There are very few assets that you can build or buy by investing only time. In all cases some form of money is involved in a business project.
We use the expression "invest time" so much that the meaning becomes vague. When we work with an employee mentoring their career skills, we often say that we are investing time. In fact, we are spending time, both theirs and ours. For their time, we spent the company's money, in the form of payroll. For our time, if we are an employee of the company, we also spent company cash—our pay. There was a trade, an exchange of cash for time, between the company and us as individuals.
Time itself is a resource that we don’t own. While time is endless, we can possess it for just this… specific… moment. You have only this moment to use, and then it is gone. Another unit of time is there for us to use, and it will be gone too, followed by another.
Time is a resource that most of us squander. Stop and think for a moment; what did you do today that wasted time? Perhaps you sat watching a TV show. Perhaps the red traffic lights that stopped you wasted your time. Perhaps you spent twenty minutes looking at Facebook. Perhaps it took over twenty minutes for your computer to boot up, so you sipped your coffee. Perhaps reading this article is a waste of time!
There is another expression, buying time, that I think is confusing. Can you take money to a store and buy time? Will $100 buy you another ten minutes?
One measure of business effectiveness is the ratio of assets to revenue. The ratio should always be positive, i.e., with $1 of assets your business creates $3 of revenue and $2 of earnings. Return on assets (ROA) is an important measurement for any business. Capital intensive businesses like manufacturing will have a lower ROA than capital light businesses, like a services company. An asset-based trucking company will have a lower ROA than a truck broker.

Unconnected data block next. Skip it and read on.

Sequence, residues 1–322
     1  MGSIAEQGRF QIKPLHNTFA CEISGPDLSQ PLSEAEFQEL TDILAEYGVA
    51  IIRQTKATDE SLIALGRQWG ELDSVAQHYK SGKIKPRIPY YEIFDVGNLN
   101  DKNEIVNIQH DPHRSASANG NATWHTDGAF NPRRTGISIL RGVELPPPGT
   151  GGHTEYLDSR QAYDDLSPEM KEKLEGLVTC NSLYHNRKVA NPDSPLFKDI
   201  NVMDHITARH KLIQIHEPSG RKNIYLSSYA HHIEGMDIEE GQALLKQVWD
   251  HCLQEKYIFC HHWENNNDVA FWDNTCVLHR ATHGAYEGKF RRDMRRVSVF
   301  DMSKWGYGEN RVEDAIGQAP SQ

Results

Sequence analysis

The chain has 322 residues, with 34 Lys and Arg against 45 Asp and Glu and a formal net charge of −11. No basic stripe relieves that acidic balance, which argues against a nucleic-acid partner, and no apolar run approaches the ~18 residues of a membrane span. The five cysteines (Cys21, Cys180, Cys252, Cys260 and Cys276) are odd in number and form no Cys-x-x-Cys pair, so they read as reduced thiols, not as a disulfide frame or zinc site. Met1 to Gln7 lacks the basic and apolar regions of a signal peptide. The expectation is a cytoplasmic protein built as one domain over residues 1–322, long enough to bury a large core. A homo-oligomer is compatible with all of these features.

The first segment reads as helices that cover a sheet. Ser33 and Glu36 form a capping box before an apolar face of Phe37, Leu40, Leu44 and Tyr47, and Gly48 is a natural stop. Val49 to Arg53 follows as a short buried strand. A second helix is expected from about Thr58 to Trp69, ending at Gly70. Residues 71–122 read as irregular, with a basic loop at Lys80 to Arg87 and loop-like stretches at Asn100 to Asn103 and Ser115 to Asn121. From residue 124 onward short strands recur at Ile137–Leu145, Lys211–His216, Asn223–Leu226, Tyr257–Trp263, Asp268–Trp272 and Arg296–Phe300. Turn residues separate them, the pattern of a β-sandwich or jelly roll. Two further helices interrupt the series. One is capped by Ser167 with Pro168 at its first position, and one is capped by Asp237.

In comparing my business with that of another business owner, we got into the discussion of comparable ROA. His business has lots of assets, and mine does not have lots of assets. His business has inventory, buildings, trucks, and machines. My business has a few computers, books, some printers, desks, and file cabinets. His ROA is much lower than mine is. My adviser suggested that I look at the time I have available to sell as an asset, as my inventory to sell.
I considered that abstraction. It is easy to calculate the time that I have to sell. Take the number of days in a year I am willing to work, and the hours each day I am willing to work, and there is a number. So lets assume I have 1,000 hours to sell in a year. That is a highly perishable asset! Just to write this essay I spent over an hour of time, consuming the abstract asset.
Considering the abstraction one step deeper, what is the value of my highly perishable asset? The response I give when someone asks me if I have any free time is “Time is not free, it is priceless!” Can I apply “priceless” to my inventory of time? NO! So how can I value my time?
Consider the basic formula of business. We own assets to create revenue. Subtract the cost of the asset and the expenses from the revenue to calculate the cash created. To create cash—the goal of any going concern—the revenue must be greater than the money invested in the asset and the money spent on the resources used to create the revenue.